Even before Harris’ injury, the Cougars weren’t playing typical Earl Grant defense. The Cougars have seen their defensive efficiency rating inflate from sub-1 point per possession (ppp) last season to a robust 1.05 in 2017-18. That number has actually ballooned to 1.08 ppp in CAA play. With the same personnel as last year, the only explanation for this increase is that opponents simply hit more 3s this season. C of C’s 2-point defense is nearly identical to last year, but teams are shooting 34.6% from deep this year, a sharp rise from the 31.1% (16th lowest nationally) it allowed in 2016-17. The Cougars also still defend at a high level in pick and roll and in transition.
If Charleston can regain its defensive form (which may just involve opponent shooting regression) from last year, it will likely win the tournament. The Cougars’ offense is the most efficient in the league, scoring a silly 1.17 ppp in CAA play. With guards Joe Chealey and Grant Riller, Charleston ran pick and roll at one of the highest rates nationally. And it ran it well, grading out in the 97th percentile, per Synergy. With four guards on the floor at nearly all times, C of C also had the league’s lowest turnover rate.
The bitter irony is that for two seasons the talk surrounding C of C was “wait until this team plays offense like it plays defense.” The Cougars finally started scoring at an elite level, but the defense has somewhat vanished. The rebounding on both ends has been an issue all year as well.
Believe it or not, the winner of the 8/9 matchup between Drexel and James Madison could potentially give Charleston issues. The Cougars waxed Drexel in Charleston when the Dragons were without Stretch Williams, but Drexel beat them in Philly. The Cougars swept JMU, but needed an improbable rally on the road to win in OT in the second meeting. Either team will head into the potential quarterfinal matchup with belief they can hang.
Drexel and JMU played to a draw this year. The two teams split the season series, with a total score of 149-149. Drexel wants to run and spread the floor in pick-and-roll situations. JMU is poor defensively in both of those areas. JMU, meanwhile, basically operates in the same fashion. Freshman Matt Lewis has been sensational. He has given Lou Rowe a dual ballhandler look alongside Stuckey Mosley, who is more comfortable off the ball anyway. Drexel struggles to defend in transition and in pick and roll. These teams are mirrors.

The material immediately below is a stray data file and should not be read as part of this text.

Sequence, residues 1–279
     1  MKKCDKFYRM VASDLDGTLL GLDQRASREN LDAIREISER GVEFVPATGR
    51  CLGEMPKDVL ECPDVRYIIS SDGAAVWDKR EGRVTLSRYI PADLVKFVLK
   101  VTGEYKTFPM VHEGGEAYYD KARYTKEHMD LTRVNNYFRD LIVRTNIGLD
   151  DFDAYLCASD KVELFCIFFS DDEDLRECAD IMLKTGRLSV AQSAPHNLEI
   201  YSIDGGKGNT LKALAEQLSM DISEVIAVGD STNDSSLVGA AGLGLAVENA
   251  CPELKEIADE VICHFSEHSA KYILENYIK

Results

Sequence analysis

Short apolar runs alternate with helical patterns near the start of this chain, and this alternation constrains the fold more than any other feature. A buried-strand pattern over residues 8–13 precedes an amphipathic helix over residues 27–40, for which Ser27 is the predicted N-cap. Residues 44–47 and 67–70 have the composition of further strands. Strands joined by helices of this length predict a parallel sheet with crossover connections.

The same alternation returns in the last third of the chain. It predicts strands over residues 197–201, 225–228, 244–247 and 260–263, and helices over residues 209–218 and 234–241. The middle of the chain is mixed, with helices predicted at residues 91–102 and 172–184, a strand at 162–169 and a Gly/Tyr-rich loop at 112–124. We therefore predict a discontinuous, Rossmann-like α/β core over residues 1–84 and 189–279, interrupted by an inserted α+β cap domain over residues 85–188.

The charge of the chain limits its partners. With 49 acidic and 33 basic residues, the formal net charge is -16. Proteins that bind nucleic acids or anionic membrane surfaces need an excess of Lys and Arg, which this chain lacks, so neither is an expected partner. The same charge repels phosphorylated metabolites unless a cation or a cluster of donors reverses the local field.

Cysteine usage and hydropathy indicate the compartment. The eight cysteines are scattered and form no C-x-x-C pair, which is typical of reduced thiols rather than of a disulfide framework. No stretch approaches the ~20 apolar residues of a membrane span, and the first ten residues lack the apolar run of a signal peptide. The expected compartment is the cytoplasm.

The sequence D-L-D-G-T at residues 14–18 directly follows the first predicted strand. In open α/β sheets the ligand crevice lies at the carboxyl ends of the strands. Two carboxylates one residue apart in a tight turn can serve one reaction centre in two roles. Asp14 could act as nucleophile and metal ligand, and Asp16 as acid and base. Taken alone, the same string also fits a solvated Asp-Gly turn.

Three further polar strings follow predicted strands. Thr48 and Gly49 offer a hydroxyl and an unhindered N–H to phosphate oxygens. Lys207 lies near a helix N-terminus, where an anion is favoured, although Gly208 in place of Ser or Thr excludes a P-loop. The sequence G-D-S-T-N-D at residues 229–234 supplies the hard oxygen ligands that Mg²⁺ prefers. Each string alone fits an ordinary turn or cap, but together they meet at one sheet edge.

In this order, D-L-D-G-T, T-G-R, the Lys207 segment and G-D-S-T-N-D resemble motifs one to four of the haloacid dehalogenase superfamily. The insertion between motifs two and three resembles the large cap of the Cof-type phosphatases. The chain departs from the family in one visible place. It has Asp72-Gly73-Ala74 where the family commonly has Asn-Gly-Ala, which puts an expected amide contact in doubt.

William & Mary +900 and Towson +700
The top five seeds in the CAA aren’t separated by much. A title run by any of the five wouldn’t be all that surprising. The winner of the quarterfinal matchup between No. 4 seed William & Mary and No. 5 seed Towson in particular could make noise.
The Tribe are capable of shooting themselves to a title, but they could also give up 100-plus points and lose to Towson. William & Mary is a historically good shooting team — like “the best shooting team ever” good. The Tribe are on pace to become the first team in D1 history to shoot 40%+ from 3, 50%+ from 2, and 80%+ from the stripe.
Tony Shaver’s (pictured above) 4-out ball screen motion offense is phenomenal at exploiting mismatches. William & Mary has five players shooting 40%+ from 3, and Connor Burchfield hits triples at 50.3%. As a result, versatile big man Nate Knight is often left in single coverage, and point guard David Cohn always finds him in position. The Tribe are beyond lethal offensively, but they can give it all back on the defensive end.
Towson had a disappointing season, but the Tigers swept William & Mary (including an improbable OT comeback win), as the Tribe typically struggle with the physicality of Pat Skerry’s teams. Towson routinely bumps the Tribe off their spots and switches on the multitude of screens in Shaver’s offense. The Tigers also attack the rim relentlessly from all five positions, which spells trouble for a Tribe team that struggles to defend the rim. It also exposes the foul-prone Knight inside. It is a classic matchup of physicality vs. finesse, and the aggressor typically wins in tournament settings.
Most Intriguing Matchup
No. 3 seed Hofstra, winner of four straight, will face No. 6 seed UNC Wilmington in a decent matchup for both offenses. Both the Pride and Seahawks scored 90-plus on their home court in a series split. Hofstra can’t guard hyper-efficient Davontae Cacok at the rim, and UNCW, which grades out in just the 3rd percentile in ball screen defense, can’t guard Hofstra’s Eli Pemberton and Justin Wright-Foreman.
Saturday ATS Predictions
Delaware PK (top ATS prediction)
CAA Final Prediction
Northeastern over Charleston
Photo via Kevin Jairaj-USA TODAY Sports